A double-free vulnerability is when the free() parameter is called twice on the same value & argument in software. Memory may then leak or become corrupted, giving attackers the opportunity to overwrite elements.
Such errors can lead to memory leaks, crashes, and the execution of arbitrary code.
In this case, as described by researcher "Awakened" who found the issue, all it took to trigger the vulnerability and perform a Remote Code Execution (RCE) attack was the creation of a malicious GIF file.
According to the researcher's technical writeup on GitHub, the bug can be triggered in two ways. The first, which leads to local privilege escalation, requires a malicious application to already be installed on a target Android device. The app then generates a malicious GIF file used to steal files from WhatsApp through the collection of library data.
The second attack vector requires a user to be exposed to the GIF payload in WhatsApp as an attachment or through other channels. (If a GIF is sent directly through WhatsApp's Gallery Picker, however, the attack will fail.) Once the Gallery View is opened in the messaging application, the GIF file will be parsed twice and trigger a remote shell in the app, leading to successful RCE.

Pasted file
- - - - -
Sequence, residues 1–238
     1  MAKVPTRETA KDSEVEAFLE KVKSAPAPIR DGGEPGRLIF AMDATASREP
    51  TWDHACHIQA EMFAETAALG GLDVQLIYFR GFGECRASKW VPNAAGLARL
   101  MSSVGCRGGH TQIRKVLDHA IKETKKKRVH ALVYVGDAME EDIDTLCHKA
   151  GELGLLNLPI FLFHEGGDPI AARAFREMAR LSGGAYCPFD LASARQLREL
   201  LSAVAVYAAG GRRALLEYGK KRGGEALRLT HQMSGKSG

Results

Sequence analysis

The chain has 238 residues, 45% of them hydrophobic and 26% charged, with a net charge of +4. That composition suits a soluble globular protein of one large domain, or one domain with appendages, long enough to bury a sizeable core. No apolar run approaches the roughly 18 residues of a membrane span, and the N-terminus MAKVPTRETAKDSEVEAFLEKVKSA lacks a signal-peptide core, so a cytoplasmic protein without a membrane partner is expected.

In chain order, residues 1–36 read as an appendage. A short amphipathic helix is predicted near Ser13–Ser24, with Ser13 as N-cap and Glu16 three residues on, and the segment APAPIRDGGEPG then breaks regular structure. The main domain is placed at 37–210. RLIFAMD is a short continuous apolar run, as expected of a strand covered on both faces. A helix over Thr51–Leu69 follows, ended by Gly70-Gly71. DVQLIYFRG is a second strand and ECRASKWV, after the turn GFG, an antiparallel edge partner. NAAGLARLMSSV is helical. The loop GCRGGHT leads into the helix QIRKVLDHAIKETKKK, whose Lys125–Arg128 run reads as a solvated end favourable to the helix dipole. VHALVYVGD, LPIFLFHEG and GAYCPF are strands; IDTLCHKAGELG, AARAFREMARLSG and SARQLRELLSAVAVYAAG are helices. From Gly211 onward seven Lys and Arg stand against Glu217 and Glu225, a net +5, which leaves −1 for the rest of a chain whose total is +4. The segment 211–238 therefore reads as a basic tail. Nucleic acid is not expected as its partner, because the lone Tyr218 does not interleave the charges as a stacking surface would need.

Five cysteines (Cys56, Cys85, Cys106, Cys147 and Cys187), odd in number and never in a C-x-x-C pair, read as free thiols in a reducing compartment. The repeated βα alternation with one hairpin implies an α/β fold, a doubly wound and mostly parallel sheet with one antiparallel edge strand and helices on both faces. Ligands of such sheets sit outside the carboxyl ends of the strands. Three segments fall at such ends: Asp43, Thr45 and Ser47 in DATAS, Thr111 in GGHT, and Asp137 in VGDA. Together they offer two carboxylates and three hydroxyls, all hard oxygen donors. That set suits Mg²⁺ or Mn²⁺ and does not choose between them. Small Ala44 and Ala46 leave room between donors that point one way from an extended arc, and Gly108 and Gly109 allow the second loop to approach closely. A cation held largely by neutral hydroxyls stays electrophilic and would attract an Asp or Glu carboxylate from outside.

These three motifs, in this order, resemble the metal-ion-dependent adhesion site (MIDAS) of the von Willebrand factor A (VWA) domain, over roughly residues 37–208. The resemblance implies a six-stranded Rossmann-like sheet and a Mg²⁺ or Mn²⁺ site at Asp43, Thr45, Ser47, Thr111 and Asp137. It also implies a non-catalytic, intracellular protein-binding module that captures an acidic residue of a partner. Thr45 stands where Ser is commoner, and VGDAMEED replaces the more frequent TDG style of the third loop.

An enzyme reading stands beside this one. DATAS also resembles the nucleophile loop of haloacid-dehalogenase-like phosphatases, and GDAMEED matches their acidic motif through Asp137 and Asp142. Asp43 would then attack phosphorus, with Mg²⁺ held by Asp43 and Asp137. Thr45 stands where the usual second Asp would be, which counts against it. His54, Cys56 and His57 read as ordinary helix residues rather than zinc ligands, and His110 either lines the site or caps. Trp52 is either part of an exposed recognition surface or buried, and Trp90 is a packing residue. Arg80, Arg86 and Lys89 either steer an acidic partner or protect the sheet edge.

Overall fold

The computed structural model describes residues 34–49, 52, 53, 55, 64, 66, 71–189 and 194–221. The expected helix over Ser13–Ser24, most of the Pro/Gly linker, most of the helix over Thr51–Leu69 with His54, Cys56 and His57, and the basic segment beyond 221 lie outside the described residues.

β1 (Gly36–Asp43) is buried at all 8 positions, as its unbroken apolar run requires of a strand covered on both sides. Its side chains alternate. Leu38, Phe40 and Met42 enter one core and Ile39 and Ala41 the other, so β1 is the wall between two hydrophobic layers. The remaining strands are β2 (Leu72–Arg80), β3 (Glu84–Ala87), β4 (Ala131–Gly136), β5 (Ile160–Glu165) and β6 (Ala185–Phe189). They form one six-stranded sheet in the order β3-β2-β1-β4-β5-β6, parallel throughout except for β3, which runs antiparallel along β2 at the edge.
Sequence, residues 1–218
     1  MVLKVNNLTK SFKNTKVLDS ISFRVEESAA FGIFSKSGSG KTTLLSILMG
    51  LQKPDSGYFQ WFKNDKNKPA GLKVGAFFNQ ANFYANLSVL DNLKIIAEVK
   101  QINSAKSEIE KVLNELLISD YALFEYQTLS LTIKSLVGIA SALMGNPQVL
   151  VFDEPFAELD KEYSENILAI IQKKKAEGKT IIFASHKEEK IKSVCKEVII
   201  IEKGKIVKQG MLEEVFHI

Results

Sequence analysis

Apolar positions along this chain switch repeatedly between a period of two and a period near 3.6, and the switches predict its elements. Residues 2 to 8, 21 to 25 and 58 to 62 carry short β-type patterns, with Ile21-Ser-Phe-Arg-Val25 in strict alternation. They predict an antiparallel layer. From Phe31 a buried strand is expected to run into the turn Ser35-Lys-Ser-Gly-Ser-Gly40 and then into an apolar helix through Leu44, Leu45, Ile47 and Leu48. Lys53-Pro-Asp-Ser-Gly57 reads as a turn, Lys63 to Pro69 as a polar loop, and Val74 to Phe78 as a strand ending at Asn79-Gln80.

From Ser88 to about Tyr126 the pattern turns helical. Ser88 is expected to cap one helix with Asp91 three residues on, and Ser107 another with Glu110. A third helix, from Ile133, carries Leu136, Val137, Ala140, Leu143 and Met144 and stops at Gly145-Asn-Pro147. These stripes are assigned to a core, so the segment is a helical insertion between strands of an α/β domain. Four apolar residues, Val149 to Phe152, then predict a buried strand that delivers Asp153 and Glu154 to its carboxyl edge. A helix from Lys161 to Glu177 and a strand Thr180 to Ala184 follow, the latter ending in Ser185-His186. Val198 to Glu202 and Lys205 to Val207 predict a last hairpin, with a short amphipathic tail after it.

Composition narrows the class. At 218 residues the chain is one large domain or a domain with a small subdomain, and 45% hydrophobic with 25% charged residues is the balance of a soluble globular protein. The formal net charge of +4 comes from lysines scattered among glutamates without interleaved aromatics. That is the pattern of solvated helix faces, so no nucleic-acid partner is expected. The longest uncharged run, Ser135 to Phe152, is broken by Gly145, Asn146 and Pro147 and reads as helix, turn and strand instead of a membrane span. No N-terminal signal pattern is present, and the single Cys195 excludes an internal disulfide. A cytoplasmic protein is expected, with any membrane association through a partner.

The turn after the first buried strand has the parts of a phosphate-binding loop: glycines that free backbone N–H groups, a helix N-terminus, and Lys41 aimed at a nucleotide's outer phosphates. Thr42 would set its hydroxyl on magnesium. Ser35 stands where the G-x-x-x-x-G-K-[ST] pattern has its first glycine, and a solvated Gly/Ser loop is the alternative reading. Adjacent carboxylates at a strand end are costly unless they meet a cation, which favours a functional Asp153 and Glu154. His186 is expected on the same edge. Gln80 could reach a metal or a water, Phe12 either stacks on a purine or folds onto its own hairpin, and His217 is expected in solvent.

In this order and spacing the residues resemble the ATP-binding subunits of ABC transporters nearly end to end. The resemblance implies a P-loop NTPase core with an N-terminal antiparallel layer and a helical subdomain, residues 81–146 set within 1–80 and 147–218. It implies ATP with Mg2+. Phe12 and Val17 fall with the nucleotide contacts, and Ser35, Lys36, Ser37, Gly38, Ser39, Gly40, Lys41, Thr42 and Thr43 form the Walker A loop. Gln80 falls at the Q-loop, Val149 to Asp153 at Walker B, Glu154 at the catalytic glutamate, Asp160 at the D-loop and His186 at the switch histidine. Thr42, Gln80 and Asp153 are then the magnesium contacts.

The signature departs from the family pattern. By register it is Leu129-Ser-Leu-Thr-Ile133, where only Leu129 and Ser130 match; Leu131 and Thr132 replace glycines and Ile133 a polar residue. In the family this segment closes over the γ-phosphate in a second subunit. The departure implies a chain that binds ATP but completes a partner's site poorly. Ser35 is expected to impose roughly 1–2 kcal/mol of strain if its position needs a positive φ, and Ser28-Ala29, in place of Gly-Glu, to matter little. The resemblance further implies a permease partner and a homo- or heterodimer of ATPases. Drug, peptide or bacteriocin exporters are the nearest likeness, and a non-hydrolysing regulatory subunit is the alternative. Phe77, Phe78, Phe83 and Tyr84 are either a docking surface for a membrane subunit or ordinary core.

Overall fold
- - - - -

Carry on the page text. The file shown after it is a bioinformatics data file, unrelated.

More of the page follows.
Android versions 8.1 and 9.0 are exploitable, but older versions of the operating system -- Android 8.0 and below -- are not. The researcher says that the double-free bug could still be triggered, but in older OS versions, a crash occurs before any malicious code can be executed to tamper with chat sessions.
The security researcher informed Facebook of their findings. The social media giant acknowledged the security issue and has patched the problem in WhatsApp version 2.19.244.
A WhatsApp spokesperson told The Next Web that there have been no reports of the vulnerability being exploited in the wild and the problem was addressed last month.
The company representative added that "this issue affects the user on the sender side, meaning the issue could, in theory, occur when the user takes action to send a GIF. The issue would impact their own device."
However, Awakened has disputed the idea that the bug can only be triggered by a victim sending the GIF, saying, "the claim is not correct [...] the spokesperson must have misunderstood the issue."
It is recommended that WhatsApp users accept automatic updates to their software to stay protected.
In August, Check Point unveiled vulnerabilities in WhatsApp which could be used to intercept and tamper with messages, to change the identities of senders, and to send messages labeled as private but actually made available to public groups.
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